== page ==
By Payroll and Entitlements Editorial Staff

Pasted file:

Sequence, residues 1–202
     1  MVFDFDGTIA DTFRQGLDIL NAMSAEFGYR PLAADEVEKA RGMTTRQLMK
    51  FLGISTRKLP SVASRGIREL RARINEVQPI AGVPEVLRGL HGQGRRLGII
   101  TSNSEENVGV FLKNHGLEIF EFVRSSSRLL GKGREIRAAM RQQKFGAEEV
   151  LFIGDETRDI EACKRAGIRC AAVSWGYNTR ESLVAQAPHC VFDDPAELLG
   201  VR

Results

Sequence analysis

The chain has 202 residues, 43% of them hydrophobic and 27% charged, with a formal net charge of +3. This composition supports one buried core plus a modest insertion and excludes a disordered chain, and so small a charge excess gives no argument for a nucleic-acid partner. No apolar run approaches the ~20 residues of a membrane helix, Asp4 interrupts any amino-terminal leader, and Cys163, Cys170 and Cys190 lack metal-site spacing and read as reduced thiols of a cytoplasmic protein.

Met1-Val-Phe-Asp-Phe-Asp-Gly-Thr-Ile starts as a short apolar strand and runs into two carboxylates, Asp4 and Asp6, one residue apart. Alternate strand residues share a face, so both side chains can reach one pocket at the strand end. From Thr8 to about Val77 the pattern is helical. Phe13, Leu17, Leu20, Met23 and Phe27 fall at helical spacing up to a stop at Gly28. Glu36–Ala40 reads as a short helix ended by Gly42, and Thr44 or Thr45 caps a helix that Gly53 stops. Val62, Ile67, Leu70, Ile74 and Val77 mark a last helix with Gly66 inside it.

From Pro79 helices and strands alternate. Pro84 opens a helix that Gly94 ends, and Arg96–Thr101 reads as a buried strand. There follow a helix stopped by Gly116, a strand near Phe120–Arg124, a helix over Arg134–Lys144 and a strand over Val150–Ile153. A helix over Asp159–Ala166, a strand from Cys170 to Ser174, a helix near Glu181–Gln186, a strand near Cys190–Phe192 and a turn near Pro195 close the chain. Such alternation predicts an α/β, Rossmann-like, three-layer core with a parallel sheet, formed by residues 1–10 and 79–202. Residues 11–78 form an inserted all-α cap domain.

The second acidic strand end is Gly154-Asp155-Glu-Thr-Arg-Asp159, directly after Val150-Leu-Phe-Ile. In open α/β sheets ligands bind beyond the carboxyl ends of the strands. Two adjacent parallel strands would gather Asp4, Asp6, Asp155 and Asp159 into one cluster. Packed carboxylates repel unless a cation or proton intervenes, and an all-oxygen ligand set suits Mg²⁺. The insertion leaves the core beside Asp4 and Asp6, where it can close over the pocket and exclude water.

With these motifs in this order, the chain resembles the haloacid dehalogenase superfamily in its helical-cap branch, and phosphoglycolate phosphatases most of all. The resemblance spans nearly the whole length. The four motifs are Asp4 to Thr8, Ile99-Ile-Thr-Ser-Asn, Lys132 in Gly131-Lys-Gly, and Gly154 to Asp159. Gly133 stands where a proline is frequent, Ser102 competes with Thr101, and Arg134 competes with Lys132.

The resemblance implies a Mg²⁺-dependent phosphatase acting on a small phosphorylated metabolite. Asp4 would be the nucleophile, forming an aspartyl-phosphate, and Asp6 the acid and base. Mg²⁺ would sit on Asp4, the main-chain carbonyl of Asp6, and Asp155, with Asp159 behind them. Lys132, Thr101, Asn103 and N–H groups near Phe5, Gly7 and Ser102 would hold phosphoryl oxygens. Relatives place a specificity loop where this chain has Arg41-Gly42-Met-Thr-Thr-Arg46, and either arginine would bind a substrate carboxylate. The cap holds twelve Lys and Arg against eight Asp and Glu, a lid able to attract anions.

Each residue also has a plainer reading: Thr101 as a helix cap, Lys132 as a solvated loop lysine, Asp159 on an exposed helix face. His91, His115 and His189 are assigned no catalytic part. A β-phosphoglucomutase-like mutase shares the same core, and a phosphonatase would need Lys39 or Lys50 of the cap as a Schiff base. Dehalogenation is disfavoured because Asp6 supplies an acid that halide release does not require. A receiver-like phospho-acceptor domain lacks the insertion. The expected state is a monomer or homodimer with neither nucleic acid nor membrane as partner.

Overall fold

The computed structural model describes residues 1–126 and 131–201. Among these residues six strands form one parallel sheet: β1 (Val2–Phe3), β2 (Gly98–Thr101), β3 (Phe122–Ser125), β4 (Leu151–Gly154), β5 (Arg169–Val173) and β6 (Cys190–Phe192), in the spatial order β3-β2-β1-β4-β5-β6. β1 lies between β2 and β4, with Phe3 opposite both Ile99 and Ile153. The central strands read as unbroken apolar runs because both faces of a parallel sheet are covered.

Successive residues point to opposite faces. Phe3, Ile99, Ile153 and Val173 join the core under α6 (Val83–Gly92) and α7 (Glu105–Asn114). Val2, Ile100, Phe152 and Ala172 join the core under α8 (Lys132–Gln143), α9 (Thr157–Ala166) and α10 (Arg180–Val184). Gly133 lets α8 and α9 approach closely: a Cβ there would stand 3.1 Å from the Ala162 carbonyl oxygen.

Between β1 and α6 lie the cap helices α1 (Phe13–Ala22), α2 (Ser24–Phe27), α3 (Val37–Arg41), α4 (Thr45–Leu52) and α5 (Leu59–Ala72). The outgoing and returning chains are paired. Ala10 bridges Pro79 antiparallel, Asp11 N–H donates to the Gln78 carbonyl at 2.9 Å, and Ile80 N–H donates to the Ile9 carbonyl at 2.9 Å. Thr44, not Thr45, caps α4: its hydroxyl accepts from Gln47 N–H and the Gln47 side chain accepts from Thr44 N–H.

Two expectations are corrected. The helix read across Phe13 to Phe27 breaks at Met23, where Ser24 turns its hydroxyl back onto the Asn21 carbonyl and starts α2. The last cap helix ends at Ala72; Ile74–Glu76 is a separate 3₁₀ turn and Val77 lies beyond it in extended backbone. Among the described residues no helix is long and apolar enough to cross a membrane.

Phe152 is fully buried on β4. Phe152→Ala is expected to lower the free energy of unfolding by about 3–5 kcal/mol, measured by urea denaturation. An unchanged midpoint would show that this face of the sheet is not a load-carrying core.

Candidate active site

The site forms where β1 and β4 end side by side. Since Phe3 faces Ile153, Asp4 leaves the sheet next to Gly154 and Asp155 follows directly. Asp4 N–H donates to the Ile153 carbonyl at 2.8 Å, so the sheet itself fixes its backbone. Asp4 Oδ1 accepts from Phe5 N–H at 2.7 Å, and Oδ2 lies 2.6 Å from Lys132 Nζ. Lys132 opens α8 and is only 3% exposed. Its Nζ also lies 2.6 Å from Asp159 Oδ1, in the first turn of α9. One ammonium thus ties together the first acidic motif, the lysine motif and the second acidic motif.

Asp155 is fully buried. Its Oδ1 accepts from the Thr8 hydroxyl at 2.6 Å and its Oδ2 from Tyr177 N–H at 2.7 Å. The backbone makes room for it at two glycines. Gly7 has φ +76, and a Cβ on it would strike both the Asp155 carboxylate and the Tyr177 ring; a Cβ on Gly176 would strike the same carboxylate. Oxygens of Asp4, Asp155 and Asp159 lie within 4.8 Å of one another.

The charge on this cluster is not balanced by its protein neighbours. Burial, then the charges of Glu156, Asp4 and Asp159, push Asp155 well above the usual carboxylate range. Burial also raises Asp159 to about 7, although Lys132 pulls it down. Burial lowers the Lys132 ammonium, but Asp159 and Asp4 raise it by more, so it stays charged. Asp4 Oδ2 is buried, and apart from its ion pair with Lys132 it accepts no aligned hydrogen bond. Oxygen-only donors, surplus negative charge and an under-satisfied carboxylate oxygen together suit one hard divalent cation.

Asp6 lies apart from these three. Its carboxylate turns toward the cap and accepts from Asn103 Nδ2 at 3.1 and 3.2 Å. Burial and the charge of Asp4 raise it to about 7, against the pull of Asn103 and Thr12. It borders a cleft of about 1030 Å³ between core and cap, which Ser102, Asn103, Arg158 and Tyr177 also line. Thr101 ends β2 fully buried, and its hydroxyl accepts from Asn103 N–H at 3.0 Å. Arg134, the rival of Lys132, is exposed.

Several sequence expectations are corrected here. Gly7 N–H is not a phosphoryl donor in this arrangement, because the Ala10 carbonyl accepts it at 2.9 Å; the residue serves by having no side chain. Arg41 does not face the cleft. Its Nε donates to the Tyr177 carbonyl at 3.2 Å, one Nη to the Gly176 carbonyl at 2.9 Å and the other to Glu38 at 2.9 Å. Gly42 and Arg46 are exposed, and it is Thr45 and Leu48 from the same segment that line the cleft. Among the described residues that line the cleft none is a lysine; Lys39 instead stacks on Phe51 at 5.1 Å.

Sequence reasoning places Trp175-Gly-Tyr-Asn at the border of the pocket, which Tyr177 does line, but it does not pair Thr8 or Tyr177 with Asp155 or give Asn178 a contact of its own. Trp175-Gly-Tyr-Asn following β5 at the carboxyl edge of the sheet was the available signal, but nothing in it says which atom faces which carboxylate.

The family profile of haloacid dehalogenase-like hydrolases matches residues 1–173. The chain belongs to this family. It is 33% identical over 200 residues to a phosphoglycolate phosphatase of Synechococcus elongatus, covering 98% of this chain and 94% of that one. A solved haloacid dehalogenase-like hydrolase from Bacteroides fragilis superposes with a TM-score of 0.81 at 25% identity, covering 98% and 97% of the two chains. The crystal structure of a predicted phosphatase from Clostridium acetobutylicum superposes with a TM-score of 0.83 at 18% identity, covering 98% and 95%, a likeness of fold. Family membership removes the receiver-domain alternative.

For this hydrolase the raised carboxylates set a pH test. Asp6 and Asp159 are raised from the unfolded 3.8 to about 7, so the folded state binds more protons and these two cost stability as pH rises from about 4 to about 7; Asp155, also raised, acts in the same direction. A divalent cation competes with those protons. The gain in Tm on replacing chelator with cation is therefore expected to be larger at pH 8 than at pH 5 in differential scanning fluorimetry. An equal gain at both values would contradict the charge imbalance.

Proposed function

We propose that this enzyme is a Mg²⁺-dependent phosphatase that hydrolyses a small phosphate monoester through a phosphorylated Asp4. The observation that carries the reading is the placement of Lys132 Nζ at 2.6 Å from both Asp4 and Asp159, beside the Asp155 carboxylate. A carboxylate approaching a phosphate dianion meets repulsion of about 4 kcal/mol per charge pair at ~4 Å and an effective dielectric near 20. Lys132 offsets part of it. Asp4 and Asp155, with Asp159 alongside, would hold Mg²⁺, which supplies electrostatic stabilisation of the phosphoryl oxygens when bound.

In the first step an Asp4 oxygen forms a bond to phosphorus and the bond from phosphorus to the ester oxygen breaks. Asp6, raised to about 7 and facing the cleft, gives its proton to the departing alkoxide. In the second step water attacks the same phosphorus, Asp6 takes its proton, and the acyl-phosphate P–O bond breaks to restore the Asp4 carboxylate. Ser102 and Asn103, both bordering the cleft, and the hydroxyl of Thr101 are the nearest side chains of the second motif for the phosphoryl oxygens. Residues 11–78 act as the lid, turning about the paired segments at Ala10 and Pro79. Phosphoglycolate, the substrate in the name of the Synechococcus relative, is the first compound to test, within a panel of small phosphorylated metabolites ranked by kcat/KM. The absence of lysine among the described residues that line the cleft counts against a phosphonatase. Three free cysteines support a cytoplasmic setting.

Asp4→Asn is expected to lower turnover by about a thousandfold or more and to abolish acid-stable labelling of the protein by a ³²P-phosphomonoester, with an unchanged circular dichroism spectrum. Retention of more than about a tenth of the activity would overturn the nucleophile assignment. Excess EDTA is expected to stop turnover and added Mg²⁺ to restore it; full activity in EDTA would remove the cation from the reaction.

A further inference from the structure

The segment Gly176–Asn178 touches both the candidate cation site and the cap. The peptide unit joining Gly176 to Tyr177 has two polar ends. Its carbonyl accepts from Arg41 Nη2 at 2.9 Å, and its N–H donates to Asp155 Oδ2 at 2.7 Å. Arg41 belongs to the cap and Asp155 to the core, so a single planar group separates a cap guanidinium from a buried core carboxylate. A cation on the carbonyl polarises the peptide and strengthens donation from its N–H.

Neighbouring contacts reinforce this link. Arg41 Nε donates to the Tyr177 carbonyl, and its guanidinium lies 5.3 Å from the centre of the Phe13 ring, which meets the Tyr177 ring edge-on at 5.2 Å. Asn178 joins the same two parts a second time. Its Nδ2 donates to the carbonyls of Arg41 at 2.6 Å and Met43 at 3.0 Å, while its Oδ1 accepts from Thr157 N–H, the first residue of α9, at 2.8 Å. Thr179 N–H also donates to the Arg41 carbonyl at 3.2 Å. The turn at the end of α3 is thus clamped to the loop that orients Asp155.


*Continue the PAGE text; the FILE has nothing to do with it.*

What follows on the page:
For a claimant of advanced age who has skills that are not readily transferable to a "significant range of work," an ALJ must find her disabled. SSA regulations recognize that for claimants age 55 and over, the most difficult problem they face is that of adapting to a new job. Here, the vocational expert (VE) testified that the claimant’s skills were transferable to only two occupations. The claimant contended that by accepting the VE’s testimony and finding her not disabled, the ALJ failed to identify a "significant range of work" within her functional capacity. Following Ninth Circuit precedent, the court concluded that two occupations does not constitute a "significant range of work." The court reasoned that a "range" necessarily requires more than one, and a "significant range" must require more than two. Although the court declined to adopt a bright-line rule on how many occupations are required to amount to a "significant range," it held that two are insufficient. Accordingly, the ALJ’s decision that the claimant was not disabled under the regulations was erroneous as a matter of law. Because there was no need for further factfinding given the VE’s testimony, the court remanded the case with instructions for the payment of benefits for the period after the claimant reached the age of 55 (Susan Leslie Maxwell v. Saul, CA-9, No. 18-35992, August 24, 2020).
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